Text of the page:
Peach State Politics (June 11, 2021)
Reed makes comeback bid official, Black to challenge Warnock, the task ahead of Bonnie Rich, GA faces tax surplus, some Cox stations still in the dark, This Week in Washington, and more
Good Friday morning, everyone! It’s time to get you up to speed on the week’s biggest stories in Georgia politics.
He’s back! Former Atlanta Mayor Kasim Reed announced this week that he will run for Mayor once again, becoming the biggest name in a wide-open race to succeed Mayor Keisha Lance Bottoms. Plus, Warnock draws his first top-tier Republican challenger, and I will introduce you to the chair of the Georgia House redistricting committee.
And while Atlanta-based Cox Media Group has yet to respond to reports of a ransomware attack, several of the company’s TV station are still facing various technical problems. And as always, we’ve got the top stories from our nation’s capital. Let’s get started!
“I’m back!”: Reed makes comeback bid official
Former Atlanta Mayor Kasim Reed officially kicked off his campaign for his job on Thursday, his 52nd birthday. Reed filed paperwork to begin raising money earlier this week but made things official on Thursday at a birthday celebration/fundraiser that he threw for himself at singer Tyrese Gibson’s mansion.
“Atlanta, tell L.A., tell New York, tell Charlotte, tell Dallas, tell Chicago, and definitely tell Miami: I’m back,” Reed declared to a jubilant crowd of attendees. He easily becomes the biggest name in the race to succeed Mayor Keisha Lance Bottoms, who famously announced last month that she would not be a candidate for re-election.
He enters a race that so far includes city councilmen Andre Dickens and Antonio Brown, City Council President Felicia Moore and attorney Sharon Gay. While he brings universal name recognition, that could also be a liability. His administration has faced accusations of bribery and several of his top aides have faced criminal investigations, fines and even jailtime. Reed himself has not been charged with a crime and continues to deny any wrongdoing.
Several Atlanta political heavyweights have had some harsh words for Reed. Former Mayor Shirley Franklin said that she was “embarrassed by his lack of ethical leadership.” This is noteworthy because Franklin not only endorsed Reed for Mayor in 2009, but Reed served as her campaign manager in 2001!
Other political strategists, meanwhile, have highlighted some of Reed’s accomplishments during his tenure, from the construction of Mercedes-Benz Stadium, lower crime rates, and forging great relationships with Republicans in state government.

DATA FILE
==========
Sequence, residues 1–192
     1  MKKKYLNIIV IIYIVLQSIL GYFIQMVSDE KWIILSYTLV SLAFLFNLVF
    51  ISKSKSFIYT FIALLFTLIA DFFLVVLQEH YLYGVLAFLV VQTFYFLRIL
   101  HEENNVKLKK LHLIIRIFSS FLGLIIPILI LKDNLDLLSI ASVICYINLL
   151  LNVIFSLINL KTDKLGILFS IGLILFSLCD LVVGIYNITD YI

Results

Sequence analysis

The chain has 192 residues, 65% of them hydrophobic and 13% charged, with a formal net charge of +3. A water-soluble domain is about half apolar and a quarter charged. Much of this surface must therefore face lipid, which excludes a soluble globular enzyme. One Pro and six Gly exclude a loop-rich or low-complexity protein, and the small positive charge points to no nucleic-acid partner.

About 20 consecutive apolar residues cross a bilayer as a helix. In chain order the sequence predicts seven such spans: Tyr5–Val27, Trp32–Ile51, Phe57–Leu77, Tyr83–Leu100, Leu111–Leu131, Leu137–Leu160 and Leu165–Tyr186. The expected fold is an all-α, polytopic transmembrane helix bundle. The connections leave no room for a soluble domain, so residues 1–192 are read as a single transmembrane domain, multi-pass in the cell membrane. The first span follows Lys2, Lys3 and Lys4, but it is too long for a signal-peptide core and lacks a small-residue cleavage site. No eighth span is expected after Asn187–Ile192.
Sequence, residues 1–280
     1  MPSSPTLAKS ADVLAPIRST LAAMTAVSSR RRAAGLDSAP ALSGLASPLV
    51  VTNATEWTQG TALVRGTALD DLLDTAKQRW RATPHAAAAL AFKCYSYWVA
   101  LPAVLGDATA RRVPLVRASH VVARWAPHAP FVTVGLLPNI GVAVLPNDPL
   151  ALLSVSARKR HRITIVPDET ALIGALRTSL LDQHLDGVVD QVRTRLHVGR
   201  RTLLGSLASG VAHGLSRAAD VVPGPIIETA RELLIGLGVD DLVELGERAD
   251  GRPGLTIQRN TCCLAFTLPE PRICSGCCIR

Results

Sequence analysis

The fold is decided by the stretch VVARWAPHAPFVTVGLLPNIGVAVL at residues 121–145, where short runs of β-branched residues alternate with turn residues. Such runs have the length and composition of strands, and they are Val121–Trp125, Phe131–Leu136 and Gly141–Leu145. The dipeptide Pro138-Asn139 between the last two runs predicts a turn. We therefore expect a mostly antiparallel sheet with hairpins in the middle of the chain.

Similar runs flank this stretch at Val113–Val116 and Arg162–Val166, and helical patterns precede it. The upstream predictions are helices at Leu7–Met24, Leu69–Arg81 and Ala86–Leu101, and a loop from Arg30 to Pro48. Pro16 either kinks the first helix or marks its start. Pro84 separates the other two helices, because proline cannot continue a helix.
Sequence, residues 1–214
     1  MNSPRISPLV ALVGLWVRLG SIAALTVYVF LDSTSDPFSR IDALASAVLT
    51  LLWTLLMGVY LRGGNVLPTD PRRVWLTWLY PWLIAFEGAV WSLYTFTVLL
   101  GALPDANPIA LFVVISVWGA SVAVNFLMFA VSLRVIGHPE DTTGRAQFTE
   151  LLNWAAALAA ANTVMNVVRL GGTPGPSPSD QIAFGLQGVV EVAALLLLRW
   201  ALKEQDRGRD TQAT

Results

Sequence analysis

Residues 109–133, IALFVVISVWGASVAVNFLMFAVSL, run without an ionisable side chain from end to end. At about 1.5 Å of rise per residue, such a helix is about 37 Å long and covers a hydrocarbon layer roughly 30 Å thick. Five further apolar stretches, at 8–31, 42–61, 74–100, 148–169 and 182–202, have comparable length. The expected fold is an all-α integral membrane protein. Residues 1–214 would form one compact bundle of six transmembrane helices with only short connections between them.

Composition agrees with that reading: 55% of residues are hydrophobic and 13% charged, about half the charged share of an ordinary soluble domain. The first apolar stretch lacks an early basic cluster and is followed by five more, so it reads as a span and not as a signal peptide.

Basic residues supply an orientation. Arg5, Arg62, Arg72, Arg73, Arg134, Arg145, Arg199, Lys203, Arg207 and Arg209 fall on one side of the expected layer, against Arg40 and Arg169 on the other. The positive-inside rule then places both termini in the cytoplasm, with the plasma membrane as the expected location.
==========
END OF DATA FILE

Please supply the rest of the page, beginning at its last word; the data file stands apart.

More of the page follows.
Nevertheless, it’s hard for even an amateur political observer to classify Reed as an underdog. A lot can happen between now and November, but he has a very good shot of at least clinching a spot in the runoff.
Black to challenge Warnock
Georgia Agriculture Commissioner Gary Black (R) announced last Friday that he will challenge Democratic Sen. Raphael Warnock next year, becoming the highest-profile Republican to enter what had been a stalled contest since Warnock’s historic upset in January.
Black, who was first elected Georgia’s top farmer in 2010, said in an interview that Herschel Walker’s impending decision will not hinder his campaign. Trump is on the record encouraging the former football star to run, but Walker has continued to keep everyone on their toes.
Black joins businessman Kelvin King and former Trump national security official Latham Saddler in the Republican primary. U.S. Rep. Buddy Carter (R-Pooler) has signaled that he will enter the race if Walker decides not to run.
The Gwinnett Republican who could reshape GA politics for a decade
Even the most politically savvy Georgian probably wouldn’t be able to tell you much about State Rep. Bonnie Rich (R). The Suwanee attorney has kept a relatively low profile since being elected in 2016. But that is almost certainly going to change later this year, when Rich wields her newfound power as chair of the House redistricting committee, where most of Georgia’s new political boundaries will originate.
Rich faces quite a daunting task. Georgia Republicans are facing an increasingly grim outlook in the metro Atlanta suburbs, as demographic and political shifts have turned the once-solidly Republican suburbs into Democratic strongholds. Rich herself is one of quite a few Republican state lawmakers from competitive districts, so not only will she have to shore up other vulnerable GOP legislators. She will have to help concoct a map that protects herself.
CHA-CHING: Georgia faces largest tax surplus in state history
With Georgia’s economy beginning to recover from the impact of the COVID-19 pandemic, state officials learned this week that we are heading for what could be the largest tax surplus in state history.
Gov. Brian Kemp announced on Tuesday that the state government will run a surplus of more than $3 billion, which is far higher than what state officials anticipated. As noted by the AJC, economic news like this will have huge implications for the governor as he heads into his 2022 re-election campaign:
“The figures show Kemp will have a huge surplus heading into his reelection year, 2022. That will give him money to spend on the teacher pay raises he promised when he first ran in 2018 and possibly fund the kind of tax cuts GOP candidates traditionally like to run on.”
This figure does not include the $5 billion that the state will be receiving as part of the American Rescue Plan. While the governor said that he will not be denying the federal relief, he and other Republican governors have said that their states will be opting out of federal unemployment payments this month.
Some Cox stations still in the dark amid reports of ransomware attack
Last week, I told you that Atlanta-based media conglomerate Cox Media Group, which owns 57 television and radio stations across 20 markets, was the latest American company to be held hostage by criminal hackers. The company has yet to confirm or deny the reports, but the impact of the reported cyberattack is still being felt at several Cox stations.